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“other side” of the science wars, those who are concerned with context, meaning, interpretation, and intersubjectivity. In philosophy this turn has its modern start in hermeneutic phenomenology, and that is where we need to begin. The chapter ends by arguing for the importance of political responsibility and of how by recasting and re-emphasising the politics of responsibility in an intersubjective world it becomes possible to address the current failures of our political leaders and political systems. Interpretation and responsibility There are some good reasons why

in How to save politics in a post-truth era
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articulated by phenomenology, structuralism, poststructuralism, modernists and postmodernists, systems theory and critical realism, can certainly be considered ‘modern’ in historical terms, but in essence their concerns are of a pre-​ modern and pre-​scientific nature. The following chapters elucidate this critique. Critical theory situated science within the quest for social and political rationality. It indicated that science’s normativity –​which answers the question ‘what should science do?’ –​orients itself in relation to the a priori potential of society. The latter

in Critical theory and epistemology
The mutual paranoia of Jacques Derrida and Niklas Luhmann

and with different cognitive interests. Rather, even according to their own self-understanding, this is a clash between two alternative worlds which oppose each other in a way that cannot be understood as the competition of different methods, theories or paradigms. Luhmann is engaged in an ambitious attempt to construct a scientific theory of society as a phenomenology of communication, in strict

in Critical theory and legal autopoiesis
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John Goff

between ‘system’ and ‘lifeworld’ problematic, ‘system’ and ‘lifeworld’ in globality are tangled together across a plurality of socio-technical means. Rather it is the normative, governmental structures that resist these means that are problematic in globality. The globalised lifeworld is not rooted in tradition but in a phenomenology concurrent with socio-technical means. Globality may involve a practical sublation of modernity without at the same time carrying its (enlightened) normative content. This sublation is raised to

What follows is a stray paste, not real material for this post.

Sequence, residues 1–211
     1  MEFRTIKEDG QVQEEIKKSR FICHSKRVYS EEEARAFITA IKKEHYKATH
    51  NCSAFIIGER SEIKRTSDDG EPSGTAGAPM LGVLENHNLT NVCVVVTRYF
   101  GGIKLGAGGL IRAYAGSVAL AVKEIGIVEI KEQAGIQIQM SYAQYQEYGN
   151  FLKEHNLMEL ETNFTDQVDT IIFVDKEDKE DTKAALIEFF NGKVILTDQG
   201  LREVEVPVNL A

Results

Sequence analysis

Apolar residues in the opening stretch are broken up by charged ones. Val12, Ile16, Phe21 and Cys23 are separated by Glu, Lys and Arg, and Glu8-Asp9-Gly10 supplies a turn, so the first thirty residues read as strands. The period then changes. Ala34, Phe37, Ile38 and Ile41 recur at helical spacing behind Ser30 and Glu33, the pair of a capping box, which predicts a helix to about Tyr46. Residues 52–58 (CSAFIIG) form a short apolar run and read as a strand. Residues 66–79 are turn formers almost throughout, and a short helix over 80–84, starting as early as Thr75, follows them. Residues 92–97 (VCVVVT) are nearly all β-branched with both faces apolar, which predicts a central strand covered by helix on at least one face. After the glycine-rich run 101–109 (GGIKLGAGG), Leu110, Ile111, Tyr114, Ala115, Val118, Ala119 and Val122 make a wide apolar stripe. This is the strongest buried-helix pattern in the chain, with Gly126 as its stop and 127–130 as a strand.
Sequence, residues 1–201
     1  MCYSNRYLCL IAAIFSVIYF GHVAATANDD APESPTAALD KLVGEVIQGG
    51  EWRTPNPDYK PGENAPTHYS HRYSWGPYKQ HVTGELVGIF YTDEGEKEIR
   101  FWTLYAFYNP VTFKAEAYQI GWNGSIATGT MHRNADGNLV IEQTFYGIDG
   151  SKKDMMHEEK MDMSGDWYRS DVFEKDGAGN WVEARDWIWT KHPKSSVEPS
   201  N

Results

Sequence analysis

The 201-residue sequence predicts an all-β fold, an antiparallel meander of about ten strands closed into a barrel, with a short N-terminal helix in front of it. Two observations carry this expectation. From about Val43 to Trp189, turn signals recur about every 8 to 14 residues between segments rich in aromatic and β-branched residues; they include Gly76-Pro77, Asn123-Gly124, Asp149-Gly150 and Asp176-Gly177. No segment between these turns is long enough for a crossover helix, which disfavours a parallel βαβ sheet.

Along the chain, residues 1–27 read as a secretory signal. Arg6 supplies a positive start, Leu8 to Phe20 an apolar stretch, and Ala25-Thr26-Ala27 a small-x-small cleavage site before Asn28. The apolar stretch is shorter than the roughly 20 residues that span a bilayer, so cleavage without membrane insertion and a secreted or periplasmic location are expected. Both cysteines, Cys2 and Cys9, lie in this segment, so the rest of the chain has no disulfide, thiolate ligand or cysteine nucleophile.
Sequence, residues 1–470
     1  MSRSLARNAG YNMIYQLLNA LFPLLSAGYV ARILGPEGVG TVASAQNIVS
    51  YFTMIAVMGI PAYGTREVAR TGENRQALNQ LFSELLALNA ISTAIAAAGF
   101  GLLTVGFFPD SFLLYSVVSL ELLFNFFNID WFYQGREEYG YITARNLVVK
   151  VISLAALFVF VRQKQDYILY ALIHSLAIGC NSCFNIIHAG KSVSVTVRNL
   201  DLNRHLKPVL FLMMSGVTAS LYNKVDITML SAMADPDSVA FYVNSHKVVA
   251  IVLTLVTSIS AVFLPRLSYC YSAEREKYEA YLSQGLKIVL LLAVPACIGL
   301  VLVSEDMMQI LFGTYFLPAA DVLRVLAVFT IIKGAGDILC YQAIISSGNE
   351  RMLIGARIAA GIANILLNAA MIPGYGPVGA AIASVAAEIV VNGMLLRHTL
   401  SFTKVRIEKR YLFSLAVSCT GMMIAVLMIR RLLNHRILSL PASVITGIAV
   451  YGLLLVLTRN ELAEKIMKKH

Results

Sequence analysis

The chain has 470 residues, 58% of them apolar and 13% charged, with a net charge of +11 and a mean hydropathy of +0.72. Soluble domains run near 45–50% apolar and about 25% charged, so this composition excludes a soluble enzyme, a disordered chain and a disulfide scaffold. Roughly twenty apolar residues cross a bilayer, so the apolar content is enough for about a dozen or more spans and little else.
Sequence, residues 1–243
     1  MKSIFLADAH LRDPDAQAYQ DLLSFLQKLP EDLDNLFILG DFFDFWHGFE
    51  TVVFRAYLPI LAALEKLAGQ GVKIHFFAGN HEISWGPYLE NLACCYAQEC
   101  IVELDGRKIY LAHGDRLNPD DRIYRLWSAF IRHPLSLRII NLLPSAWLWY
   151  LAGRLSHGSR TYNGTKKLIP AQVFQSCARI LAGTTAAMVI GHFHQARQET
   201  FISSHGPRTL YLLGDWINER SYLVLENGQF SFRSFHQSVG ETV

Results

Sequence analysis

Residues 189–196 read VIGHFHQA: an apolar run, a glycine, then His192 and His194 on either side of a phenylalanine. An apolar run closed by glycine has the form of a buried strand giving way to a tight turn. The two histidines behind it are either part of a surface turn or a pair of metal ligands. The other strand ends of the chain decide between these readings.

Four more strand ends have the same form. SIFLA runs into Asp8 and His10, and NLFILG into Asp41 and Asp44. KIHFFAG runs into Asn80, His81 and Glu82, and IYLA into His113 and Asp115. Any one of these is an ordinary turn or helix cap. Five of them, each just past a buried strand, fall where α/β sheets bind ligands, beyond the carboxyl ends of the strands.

in Habermas and European integration
Objects, affects, mimesis

impressionable graduate students. I  agree with Deleuze’s remark that ultimately the most basic task of philosophy is to impede stupidity, so I see little philosophical merit in a “movement” whose most signal achievement thus far is to have generated an online orgy of stupidity.’ See: ‘Ray Brassier interviewed by Marcin Rychter: I am a nihilist because I still believe in truth’, Kronos (2011), available at:​index. php?23151,896. 9 Ian Bogost, Alien Phenomenology, or What It’s Like to Be a Thing (Minneapolis: University of Minnesota Press, 2012), 3. 10

in Critical theory and feeling

when social scientists turn to philosophy for methodological terminology to describe Unlearning how we think 65 something that is (1) not necessarily methodological and (2) involves repurposing philosophical terms that denote particular philosophical problems or methodologies for non-philosophical meanings. It has become common to throw around philosophical language, using terms such as ontology, phenomenology, and hermeneutics, in order to provide gravitas to qualitative research as though we need to compete with scientists and their scientific jargon.9 I want to

in How to save politics in a post-truth era